The Seeing in Isolation project from March 2020 to May 2021 coincided with the height of the Coronavirus pandemic, halting the original plan to gather content via in-person workshops and this forced us to adapt our approach to gathering personal stories.
In order to continue the collaboration with Sandwell Visually Impaired (SVI) to produce the work we embarked on a series of digital workshops via Zoom. Unable to make photographs in person, I found other ways to connect with participants, including giving one-to-one tuition and advice to SVI members.
A unique aspect of Seeing in Isolation is that we, as blind and visually impaired people, were instrumental in crafting our own personal digital stories and providing the audio descriptions. The process took time, as mutual trust was the bedrock of this project.
Throughout the project we discussed how we could obtain an engaging outcome for both the sighted and non-sighted community and, as part of this, we worked with Kirin Saeed, an accessibility consultant, to consider the practical processes and outcomes. These included how we can work on Zoom with consideration and make sessions comfortable and inclusive, and how digital videos can incorporate audio description in a simple and empathetic way.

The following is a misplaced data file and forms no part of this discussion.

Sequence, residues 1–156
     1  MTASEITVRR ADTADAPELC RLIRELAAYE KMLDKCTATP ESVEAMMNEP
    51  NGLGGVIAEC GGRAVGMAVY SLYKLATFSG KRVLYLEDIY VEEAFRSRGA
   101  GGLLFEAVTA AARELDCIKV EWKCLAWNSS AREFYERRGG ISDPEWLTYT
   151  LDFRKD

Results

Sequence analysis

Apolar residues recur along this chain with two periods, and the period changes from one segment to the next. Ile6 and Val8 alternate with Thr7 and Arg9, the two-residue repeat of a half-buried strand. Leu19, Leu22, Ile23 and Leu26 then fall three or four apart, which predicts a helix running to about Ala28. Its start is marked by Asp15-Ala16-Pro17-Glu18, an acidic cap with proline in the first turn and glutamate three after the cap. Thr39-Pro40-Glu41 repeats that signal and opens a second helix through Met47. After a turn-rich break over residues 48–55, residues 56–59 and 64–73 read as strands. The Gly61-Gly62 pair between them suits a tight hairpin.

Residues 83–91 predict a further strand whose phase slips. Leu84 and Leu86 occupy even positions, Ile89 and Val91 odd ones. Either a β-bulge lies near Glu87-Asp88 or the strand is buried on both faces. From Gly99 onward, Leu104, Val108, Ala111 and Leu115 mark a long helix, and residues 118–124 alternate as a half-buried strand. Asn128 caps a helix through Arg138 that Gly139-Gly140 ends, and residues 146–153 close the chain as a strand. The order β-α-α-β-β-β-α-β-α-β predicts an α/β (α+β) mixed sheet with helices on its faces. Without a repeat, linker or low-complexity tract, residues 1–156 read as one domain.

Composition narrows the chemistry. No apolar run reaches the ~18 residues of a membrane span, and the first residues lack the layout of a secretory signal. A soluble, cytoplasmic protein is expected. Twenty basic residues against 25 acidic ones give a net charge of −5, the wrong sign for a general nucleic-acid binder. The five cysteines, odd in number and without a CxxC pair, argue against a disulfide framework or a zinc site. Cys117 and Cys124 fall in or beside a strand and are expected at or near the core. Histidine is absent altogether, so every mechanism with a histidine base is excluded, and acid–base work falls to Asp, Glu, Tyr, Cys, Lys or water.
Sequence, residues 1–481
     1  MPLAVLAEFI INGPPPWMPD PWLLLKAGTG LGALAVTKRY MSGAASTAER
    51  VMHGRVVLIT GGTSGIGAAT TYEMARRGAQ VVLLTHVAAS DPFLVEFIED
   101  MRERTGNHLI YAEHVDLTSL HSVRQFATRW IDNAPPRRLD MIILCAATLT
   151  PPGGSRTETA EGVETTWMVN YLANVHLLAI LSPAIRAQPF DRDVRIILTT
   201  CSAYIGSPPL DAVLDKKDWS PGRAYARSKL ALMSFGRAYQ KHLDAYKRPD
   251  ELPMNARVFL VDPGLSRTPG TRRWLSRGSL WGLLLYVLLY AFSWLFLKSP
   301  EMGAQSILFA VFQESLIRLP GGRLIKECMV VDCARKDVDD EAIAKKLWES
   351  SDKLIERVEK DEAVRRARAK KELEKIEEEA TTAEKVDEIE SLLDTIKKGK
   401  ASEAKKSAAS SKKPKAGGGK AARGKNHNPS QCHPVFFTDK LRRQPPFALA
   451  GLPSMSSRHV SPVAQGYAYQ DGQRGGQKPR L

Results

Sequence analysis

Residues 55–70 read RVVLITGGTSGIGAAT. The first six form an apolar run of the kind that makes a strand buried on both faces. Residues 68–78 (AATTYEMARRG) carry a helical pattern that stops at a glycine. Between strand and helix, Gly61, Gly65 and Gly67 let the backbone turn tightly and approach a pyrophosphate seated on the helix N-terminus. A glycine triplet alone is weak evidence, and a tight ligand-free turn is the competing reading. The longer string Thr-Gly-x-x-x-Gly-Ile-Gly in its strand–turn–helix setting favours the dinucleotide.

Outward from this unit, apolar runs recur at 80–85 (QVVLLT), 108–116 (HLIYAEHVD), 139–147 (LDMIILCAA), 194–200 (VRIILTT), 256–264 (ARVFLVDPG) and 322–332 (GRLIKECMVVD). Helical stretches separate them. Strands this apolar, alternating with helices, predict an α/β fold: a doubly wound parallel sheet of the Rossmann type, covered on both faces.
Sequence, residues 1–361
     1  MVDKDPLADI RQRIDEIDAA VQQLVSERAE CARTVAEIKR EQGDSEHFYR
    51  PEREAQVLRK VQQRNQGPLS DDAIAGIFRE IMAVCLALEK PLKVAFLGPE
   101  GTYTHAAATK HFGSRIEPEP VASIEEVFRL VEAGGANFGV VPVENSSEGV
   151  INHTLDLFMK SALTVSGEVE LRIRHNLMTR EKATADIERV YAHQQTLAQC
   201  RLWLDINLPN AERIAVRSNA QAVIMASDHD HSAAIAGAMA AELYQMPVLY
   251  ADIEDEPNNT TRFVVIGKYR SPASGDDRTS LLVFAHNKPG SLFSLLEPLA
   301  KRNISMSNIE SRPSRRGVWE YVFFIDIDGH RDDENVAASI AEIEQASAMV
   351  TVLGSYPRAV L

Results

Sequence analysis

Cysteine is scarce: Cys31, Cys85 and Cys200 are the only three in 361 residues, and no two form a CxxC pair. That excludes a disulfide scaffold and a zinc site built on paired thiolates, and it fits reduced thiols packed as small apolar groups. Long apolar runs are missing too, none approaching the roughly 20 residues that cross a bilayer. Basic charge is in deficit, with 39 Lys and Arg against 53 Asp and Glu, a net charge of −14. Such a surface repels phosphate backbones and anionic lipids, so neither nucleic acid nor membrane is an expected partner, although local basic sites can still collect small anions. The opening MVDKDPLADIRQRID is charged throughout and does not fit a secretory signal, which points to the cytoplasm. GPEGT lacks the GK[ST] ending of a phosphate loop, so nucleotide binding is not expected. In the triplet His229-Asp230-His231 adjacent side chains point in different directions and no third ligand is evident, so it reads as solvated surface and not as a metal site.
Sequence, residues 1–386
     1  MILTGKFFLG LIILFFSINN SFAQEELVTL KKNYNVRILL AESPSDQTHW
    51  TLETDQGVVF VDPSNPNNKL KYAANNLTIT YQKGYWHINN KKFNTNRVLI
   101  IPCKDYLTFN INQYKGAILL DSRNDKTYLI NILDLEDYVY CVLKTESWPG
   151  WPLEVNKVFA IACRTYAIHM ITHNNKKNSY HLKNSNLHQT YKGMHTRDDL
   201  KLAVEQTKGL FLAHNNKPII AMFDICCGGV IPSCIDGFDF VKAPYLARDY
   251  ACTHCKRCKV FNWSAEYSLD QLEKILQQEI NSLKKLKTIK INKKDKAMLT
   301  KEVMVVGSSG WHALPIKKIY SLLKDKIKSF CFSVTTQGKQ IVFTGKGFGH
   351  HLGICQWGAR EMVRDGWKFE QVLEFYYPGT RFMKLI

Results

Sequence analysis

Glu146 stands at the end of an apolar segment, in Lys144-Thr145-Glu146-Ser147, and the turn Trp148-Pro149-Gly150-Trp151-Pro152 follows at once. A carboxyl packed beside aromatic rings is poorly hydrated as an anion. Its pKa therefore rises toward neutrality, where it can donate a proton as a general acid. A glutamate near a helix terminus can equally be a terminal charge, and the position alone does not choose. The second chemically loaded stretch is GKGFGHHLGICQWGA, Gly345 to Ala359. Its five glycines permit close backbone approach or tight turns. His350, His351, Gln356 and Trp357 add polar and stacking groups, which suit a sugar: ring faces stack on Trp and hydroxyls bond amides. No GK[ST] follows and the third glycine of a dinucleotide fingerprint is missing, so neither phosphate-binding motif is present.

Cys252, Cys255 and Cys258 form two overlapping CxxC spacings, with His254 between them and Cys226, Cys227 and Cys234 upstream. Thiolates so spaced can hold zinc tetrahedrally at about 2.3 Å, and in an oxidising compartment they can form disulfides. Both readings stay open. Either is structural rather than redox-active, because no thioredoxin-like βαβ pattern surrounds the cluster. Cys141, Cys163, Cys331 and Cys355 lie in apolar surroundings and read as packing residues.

The approach we took with the audio descriptions was to make them a part of what we wished to create, like a bridge that joins the sighted and unsighted worlds.
Multistory and I wanted to make sure that each digital story included the interests of the individual. Helen’s film showed her love of singing. Rickie wanted to share his passion for music, and support for the homeless and rehoming of greyhounds in his community. Craig’s story illustrated through animation created by Sedat Savas what it is like to have Charles Bonnet Syndrome. Perm spoke of friendship, her love of art and colour. Jean expressed the importance of her Christian faith, shared with her husband, Stephen, and the pleasure flowers give her. Michal gave an insight into how he communicates through social media to connect with his friends, family, and meet likeminded people.
Stephen, SVI member and project participant, said:
“I have always had a camera in my hands since the age of 10. But, later on, I started to slow down with photography because of my changing eyesight. In 2018 Karren spoke at the Sandwell Visually Impaired AGM. She was an inspiration to me. Her talk was the reason I purchased a new camera and started photographing again. Karren has helped me to think how to frame what I can see and to get the most out of my photography.”